(behth' uh nee) Known primarily in the Gospels as the home of Mary, Martha, and Lazarus, ancient Bethany occupied an important place in the life of Jesus. Jesus often found Himself staying in Bethany at the home of his closest friends as He ministered in Jerusalem.
Background of the City Located on the Mt. of Olives' eastern slope, Bethany sat “about two miles” (John 11:18, NIV) southeast of Jerusalem. Bethany became the final stop before Jerusalem just off the main east-west road coming from Jericho. Being at the foot of the mountain, the people could not see Jerusalem, thus giving Bethany a sense of seclusion and quietness. The road between Bethany and Jerusalem provided a ready avenue for travel across Olivet with the journey taking about fifty-five minutes to walk.
Since A.D. 333, Bethany primarily boasted of being the home of Lazarus' tomb. Over this site a church called the “Lazareion” (“shrine of Lazarus”) was erected which later aided in providing a new name for the town. El-Aziriyeh, the Arabic name of the present-day village, preserved the traditional connection of Lazarus with Bethany.
Role of the City in the Bible The primary event in the New Testament taking place in Bethany involved the raising of Lazarus from the dead (John 11-12). This magnificent miracle by Jesus demonstrated His authority, prepared for His resurrection, and was even magnified through the name of His friend, Lazarus (an abbreviation of Eleazar, “God has helped”).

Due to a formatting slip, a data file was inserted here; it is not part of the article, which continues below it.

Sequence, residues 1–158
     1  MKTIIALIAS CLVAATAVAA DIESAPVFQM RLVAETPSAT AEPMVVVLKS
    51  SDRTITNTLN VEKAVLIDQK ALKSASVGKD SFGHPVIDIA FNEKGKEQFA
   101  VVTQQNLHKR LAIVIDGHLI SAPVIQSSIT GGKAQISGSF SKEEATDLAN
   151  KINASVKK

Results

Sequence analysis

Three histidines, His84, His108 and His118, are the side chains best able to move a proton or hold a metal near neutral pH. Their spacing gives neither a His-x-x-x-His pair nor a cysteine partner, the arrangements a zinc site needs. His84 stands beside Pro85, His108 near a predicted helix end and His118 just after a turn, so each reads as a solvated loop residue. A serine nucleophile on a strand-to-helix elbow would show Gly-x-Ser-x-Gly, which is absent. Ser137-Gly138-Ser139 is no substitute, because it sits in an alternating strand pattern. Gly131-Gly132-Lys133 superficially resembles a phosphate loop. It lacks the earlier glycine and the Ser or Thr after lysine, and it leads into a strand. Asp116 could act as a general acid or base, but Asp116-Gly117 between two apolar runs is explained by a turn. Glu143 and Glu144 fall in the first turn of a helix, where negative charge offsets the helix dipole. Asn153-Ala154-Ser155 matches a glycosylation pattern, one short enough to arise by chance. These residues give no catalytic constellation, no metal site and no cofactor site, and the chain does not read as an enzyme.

Following a message sent to Him in Perea by Lazarus' sisters, Mary and Martha, Jesus returned to Bethany four days after the burial of Lazarus. After spending time with Martha and Mary individually, Jesus' love for Lazarus and His family became evident in His tears. Then in a public display of prayer and power Jesus raised His good friend from the dead.
Another significant event in Jesus' life occurred in Bethany at the home of Simon the Leper (Matthew 26:6;
Mark 14:3). Late on the Tuesday night of Jesus' last week, a woman (recognized as Mary in
John 12:3) gave Jesus His “burial anointment.” Coming to Jesus in the sight of all, she brought a costly alabaster vial of perfume and emptied its contents upon Jesus' head (“feet” in
Besides a number of smaller references to Bethany, one final event took place there. Bethany provided the location for Jesus' final blessing to His disciples and His subsequent parting. This encounter made up the final scene of ascension in Luke's Gospel (Luke 24:50-53).